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Lauren Davis

Sydney University Museums (SUM) is the proud owner of several ancient Egyptian artefacts, including monumental sculptures, inscriptions, organic materials and, of course, mummies. As part of its efforts to preserve these >2000-year-old pieces of history, SUM engaged the expertise of gas company BOC to help update its anoxic (absence of oxygen) treatment program.

A

noxic treatment was originally

developed in the 1960s and is used by many museums globally to ensure artefacts’ survival, primarily by preventing insect attack. Contemporary anoxic treatment sees artefacts placed in oxygen-tight bags which are flushed with nitrogen and sealed with oxygen scavengers — similar to the ones you remove from sealed long-life food packaging — which are designed to remove any oxygen that remains in the bag. Once suitably stored, the objects are protected from deterioration resulting from fluctuating or excessively high or low humidity levels and damage from exposure to light. Yet despite anoxic treatment being a mainstay of the museum world for a long time now, SUM Conservator Alayne Alvis had to push for its usage at the museums since her appointment eight years ago. “We just didn’t have the gear and the space to do it,” Alvis said. “And this is a treatment that we really ought to be able to do. For something like a mummy, you can only do an anoxic treatment. Other treatments might involve freezing — you can’t do that to a mummy. “You can do very small-scale treatments just by using oxygen scavengers in your bag, but you’re very limited, because if you start using more than a couple per treatment, it starts getting very expensive.” Other museums have solved this problem by building their own systems, but Alvis was the first to admit that she has “no skill in that area”. As such, she took advantage of the University of Sydney’s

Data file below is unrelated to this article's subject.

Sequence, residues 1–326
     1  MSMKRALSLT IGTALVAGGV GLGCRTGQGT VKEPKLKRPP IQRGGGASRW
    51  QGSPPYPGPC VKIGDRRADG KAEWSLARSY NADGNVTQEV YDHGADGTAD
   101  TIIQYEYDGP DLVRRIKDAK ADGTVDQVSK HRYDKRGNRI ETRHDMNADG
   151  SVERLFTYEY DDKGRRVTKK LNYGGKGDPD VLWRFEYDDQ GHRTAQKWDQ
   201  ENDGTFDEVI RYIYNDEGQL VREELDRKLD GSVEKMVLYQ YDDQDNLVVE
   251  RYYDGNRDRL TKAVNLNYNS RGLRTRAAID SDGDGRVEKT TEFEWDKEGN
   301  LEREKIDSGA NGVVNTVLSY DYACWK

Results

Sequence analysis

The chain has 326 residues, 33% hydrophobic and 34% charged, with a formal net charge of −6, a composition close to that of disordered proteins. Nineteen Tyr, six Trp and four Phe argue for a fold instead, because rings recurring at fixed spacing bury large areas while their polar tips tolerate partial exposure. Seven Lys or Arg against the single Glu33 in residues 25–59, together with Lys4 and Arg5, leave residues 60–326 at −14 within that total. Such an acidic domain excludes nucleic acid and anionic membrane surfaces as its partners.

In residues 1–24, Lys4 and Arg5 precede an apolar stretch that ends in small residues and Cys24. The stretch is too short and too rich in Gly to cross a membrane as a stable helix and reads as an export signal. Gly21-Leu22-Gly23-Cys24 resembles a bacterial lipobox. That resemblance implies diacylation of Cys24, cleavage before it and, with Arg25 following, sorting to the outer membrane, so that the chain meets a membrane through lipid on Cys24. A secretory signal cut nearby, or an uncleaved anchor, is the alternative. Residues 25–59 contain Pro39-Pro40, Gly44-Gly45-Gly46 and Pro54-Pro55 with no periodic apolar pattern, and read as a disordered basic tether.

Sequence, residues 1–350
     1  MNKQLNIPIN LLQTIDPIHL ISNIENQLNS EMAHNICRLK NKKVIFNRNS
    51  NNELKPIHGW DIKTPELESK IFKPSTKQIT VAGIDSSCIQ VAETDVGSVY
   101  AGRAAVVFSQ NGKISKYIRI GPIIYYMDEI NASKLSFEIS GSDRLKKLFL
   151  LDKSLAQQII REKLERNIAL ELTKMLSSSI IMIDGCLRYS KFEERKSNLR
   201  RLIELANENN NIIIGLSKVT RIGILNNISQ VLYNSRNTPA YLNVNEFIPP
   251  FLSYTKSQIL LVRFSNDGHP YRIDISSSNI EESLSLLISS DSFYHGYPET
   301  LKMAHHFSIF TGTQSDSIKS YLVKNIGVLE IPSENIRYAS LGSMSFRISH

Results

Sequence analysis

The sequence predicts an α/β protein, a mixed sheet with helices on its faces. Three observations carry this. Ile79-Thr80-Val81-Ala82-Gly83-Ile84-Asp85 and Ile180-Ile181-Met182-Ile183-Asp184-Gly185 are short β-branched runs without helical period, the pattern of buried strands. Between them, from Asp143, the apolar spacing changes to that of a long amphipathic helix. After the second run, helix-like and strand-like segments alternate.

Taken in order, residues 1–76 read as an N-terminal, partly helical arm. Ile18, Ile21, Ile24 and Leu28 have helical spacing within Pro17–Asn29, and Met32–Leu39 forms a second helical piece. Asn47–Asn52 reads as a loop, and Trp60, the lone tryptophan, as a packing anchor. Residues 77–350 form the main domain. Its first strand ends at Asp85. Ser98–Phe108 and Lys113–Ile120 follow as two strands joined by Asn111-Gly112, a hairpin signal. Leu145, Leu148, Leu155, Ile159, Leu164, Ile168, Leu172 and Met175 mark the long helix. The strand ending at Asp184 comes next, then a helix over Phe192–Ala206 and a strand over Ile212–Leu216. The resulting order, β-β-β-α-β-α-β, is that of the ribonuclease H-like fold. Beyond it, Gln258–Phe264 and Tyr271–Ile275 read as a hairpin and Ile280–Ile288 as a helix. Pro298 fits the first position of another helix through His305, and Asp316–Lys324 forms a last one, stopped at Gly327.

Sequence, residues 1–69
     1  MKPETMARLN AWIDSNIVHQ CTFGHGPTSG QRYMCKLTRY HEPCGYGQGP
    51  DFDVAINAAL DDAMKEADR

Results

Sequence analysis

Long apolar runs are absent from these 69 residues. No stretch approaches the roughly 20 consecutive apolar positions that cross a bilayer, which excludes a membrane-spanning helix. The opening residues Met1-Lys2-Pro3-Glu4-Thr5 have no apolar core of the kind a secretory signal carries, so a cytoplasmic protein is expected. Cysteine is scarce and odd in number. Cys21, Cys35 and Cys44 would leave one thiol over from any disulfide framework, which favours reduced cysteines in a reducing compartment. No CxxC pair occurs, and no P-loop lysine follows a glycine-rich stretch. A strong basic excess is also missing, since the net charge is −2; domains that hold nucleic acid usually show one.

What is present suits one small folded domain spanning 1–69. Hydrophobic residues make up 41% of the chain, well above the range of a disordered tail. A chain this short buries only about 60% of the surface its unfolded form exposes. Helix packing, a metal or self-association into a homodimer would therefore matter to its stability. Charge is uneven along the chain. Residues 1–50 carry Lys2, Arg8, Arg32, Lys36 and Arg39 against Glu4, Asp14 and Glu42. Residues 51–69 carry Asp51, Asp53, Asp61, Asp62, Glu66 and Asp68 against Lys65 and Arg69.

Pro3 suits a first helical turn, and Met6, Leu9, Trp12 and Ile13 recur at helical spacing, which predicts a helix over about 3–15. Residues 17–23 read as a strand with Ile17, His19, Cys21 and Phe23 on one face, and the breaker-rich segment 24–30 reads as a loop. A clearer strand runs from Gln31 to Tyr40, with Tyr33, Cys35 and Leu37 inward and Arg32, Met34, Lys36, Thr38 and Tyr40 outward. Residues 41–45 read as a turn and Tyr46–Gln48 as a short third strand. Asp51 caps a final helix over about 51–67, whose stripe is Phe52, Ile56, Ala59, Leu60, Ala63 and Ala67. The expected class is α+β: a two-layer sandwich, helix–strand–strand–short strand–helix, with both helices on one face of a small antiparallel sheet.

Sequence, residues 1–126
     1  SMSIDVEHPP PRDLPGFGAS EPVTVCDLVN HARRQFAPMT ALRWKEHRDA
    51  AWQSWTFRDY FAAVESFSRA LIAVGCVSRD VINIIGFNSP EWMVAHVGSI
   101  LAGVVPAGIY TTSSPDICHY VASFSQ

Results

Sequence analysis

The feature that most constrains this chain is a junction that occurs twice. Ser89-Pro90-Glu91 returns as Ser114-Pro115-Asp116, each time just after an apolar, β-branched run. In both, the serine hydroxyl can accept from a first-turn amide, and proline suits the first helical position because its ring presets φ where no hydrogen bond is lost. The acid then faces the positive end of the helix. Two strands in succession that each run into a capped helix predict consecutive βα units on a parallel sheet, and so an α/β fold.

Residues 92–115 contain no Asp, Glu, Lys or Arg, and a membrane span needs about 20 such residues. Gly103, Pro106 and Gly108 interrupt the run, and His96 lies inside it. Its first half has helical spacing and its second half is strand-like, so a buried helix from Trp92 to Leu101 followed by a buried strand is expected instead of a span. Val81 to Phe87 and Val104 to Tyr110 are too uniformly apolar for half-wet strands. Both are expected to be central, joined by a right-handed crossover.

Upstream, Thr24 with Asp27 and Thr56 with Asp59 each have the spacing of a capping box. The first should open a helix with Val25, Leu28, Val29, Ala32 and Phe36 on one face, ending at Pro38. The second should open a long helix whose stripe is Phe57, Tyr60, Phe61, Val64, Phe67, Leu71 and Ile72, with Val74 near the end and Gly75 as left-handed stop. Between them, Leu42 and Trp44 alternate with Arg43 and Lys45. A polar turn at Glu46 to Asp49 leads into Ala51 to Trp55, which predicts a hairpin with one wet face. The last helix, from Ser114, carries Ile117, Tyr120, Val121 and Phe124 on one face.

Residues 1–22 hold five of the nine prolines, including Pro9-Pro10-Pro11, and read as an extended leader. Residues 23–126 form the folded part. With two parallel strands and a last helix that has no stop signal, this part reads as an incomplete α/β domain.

Working hard for the mummy

contract with BOC, supplying the company with

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